Fathom Mag
Article

For When We Lose the Song

Published on:
July 11, 2018
Read time:
3 min.
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Just the other day, I started singing in the shower. It’s not so much the singing that’s unusual, as I fancy myself a millennial with a proper getting ready playlist, but it’s more the part about the what and the from where and the why.

The song snuck up on me, and I think I even looked around to spot the source of the goose bumps.

All shall be well, and all shall be well, and all manner of things shall be well.

The What

One year ago, I stood in a circle as twenty voices echoed off the Italian monastery walls and danced into the adorned ceilings—acoustic harmony that made grown men cry. We sang this same song every day as we traveled for three weeks studying medieval art and spiritual disciplines.

Some days, I look in the mirror and it seems I’ve lost my reflection in the steam, as the soul-sucking adulting has stolen some of me.

So much has changed in a year since I rounded out that circle—praying I would never forget that one particular rendition where the blend painted my cheeks rosy.  I’ve felt and I’ve numbed. I’ve grown and I’ve shrunk. I’ve said it and I haven’t said it.

Some days, I look in the mirror and it seems I’ve lost my reflection in the steam, as the soul-sucking adulting has stolen some of me—the daily trek past the motel featuring discounted jacuzzi rooms and the bow-legged man with the brown paper bag who crumbles on the pavement next to broken glass at 8:30 a.m. Perhaps these views on the way to the cubicle have ganged up to rob me of the lyrics and the melody that pierced my days for a time. Is it a different song when sung in an echoing sanctuary, or in the open air at the top of the hill past St. Francis’s olive groves?

All shall be well, and all shall be well, and all manner of things shall be well.

Where It Came From

It’s the where did that come from that’s to blame.

Or maybe it’s really the why. Why had I tried to bury this song with the hatchet this year? Why did I start singing it again now?

The song spiraled with the steam and I immediately wandered back to the book waiting for me on the shelf, The Divine Hours, the fixed-hour prayers for summertime that I had devoured last summer after praying through liturgy daily in Italy, just like the monks and the nuns and the saints who sang before me.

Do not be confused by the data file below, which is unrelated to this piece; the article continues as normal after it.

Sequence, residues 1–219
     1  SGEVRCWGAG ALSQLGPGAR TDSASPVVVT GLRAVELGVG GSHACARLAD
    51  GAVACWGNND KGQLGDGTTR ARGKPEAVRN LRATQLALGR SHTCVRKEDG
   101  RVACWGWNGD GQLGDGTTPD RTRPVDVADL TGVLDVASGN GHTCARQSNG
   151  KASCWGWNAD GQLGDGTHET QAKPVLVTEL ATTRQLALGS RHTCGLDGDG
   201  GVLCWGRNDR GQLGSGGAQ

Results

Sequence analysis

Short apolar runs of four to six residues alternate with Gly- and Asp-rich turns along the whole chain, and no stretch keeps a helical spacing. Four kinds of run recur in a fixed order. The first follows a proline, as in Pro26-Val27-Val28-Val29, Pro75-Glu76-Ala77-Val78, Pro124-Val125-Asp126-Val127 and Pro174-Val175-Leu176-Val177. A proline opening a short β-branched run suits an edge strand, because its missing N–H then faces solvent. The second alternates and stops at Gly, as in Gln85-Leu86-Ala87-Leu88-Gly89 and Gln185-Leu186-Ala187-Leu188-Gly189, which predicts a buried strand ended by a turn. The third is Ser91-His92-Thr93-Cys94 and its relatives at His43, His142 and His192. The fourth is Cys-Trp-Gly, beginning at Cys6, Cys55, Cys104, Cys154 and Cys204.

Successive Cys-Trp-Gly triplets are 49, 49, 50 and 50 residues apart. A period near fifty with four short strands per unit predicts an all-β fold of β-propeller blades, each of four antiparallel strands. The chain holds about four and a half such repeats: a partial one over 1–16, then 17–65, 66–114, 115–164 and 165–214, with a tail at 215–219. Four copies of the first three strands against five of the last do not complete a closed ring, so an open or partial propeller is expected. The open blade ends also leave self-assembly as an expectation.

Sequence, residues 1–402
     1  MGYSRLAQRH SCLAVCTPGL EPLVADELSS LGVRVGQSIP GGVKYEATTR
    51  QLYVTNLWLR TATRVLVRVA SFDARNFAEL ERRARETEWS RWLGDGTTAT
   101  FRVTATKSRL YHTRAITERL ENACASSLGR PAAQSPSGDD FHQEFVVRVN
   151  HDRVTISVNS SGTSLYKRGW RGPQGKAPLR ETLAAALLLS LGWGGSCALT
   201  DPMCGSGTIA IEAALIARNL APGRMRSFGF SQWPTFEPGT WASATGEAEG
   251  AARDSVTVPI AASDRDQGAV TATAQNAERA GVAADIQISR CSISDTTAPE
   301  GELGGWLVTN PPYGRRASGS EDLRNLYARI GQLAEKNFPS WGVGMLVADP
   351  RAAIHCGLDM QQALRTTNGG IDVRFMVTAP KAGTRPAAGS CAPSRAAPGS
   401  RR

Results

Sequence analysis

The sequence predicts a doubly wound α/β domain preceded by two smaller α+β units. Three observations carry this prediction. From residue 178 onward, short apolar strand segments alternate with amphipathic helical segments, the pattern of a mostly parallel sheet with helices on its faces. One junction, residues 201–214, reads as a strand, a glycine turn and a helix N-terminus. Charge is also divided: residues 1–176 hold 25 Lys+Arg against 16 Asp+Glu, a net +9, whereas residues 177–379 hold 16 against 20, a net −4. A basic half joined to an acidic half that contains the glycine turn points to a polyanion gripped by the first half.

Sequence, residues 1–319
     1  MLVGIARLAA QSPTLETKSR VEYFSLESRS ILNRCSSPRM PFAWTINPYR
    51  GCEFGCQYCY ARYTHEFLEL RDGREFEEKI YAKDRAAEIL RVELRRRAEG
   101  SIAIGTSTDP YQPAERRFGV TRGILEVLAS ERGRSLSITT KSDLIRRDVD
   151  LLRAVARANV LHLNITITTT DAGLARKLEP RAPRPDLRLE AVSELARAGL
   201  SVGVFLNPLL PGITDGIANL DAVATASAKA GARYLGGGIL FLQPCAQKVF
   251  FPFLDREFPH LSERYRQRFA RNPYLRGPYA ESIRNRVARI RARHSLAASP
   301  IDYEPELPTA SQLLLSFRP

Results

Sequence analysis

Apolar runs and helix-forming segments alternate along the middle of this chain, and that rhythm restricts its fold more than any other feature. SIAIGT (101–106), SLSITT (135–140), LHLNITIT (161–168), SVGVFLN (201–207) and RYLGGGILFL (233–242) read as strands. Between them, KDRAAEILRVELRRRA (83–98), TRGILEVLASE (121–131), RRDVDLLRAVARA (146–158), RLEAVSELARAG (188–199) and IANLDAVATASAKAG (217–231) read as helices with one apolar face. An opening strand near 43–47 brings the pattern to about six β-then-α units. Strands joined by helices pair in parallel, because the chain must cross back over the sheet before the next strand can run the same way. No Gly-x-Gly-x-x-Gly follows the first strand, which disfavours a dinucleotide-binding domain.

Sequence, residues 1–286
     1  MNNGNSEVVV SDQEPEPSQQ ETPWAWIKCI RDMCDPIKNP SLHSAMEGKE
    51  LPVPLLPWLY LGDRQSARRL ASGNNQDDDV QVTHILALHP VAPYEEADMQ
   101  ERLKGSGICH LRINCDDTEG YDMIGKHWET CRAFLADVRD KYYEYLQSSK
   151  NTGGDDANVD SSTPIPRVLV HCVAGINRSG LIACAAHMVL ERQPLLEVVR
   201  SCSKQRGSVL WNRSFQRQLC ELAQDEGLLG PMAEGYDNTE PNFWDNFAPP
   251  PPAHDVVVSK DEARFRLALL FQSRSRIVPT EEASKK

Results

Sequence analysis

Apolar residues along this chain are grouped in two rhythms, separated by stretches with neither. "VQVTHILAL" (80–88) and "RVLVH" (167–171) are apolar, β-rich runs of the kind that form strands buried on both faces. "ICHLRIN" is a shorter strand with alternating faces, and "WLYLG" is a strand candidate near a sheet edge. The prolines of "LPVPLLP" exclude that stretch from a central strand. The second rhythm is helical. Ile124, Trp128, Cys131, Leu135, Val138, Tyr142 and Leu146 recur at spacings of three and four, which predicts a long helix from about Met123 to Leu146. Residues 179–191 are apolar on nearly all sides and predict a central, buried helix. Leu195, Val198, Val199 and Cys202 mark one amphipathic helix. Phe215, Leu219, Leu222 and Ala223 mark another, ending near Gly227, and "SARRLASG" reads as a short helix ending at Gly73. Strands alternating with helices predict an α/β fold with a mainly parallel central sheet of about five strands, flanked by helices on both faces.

It is quite straightforward and linear, really. And, perhaps, the bravest form of rebellion I have in me right now.

There’s little room for creativity, simply expectation to show up at the right time with the black printed on white right in front of us that we hold in our hands. There’s little space for free form, poetic meandering or interpretive dancing of the soul. There are words given and words received. There is a beginning and an end, a necessity as I close the book to wade through the messy middle.

It is quite straightforward and linear, really. And, perhaps, the bravest form of rebellion I have in me right now.

I know exactly what to expect when I show up. I know exactly who will meet me. There are no sudden turns or unmet expectations, there’s no room for flirting with darkness. 

All shall be well, and all shall be well, and all manner of things shall be well.

Do we sometimes lose the song? Can we replace the lyrics with what we think we deserve, convinced that only some shall be well? Or will we find ourselves alone, singing into bathroom acoustics the song that perhaps we knew all along?

Ashley Tieperman
Ashley Tieperman is a lover of words, sprinkles, and wooden pews. She has a master’s degree from Dallas Theological Seminary and works for a marketing agency in Baltimore, MD. Check out her work on her blog at ashleytieperman.com.

Cover Image by Mohammad Metri.

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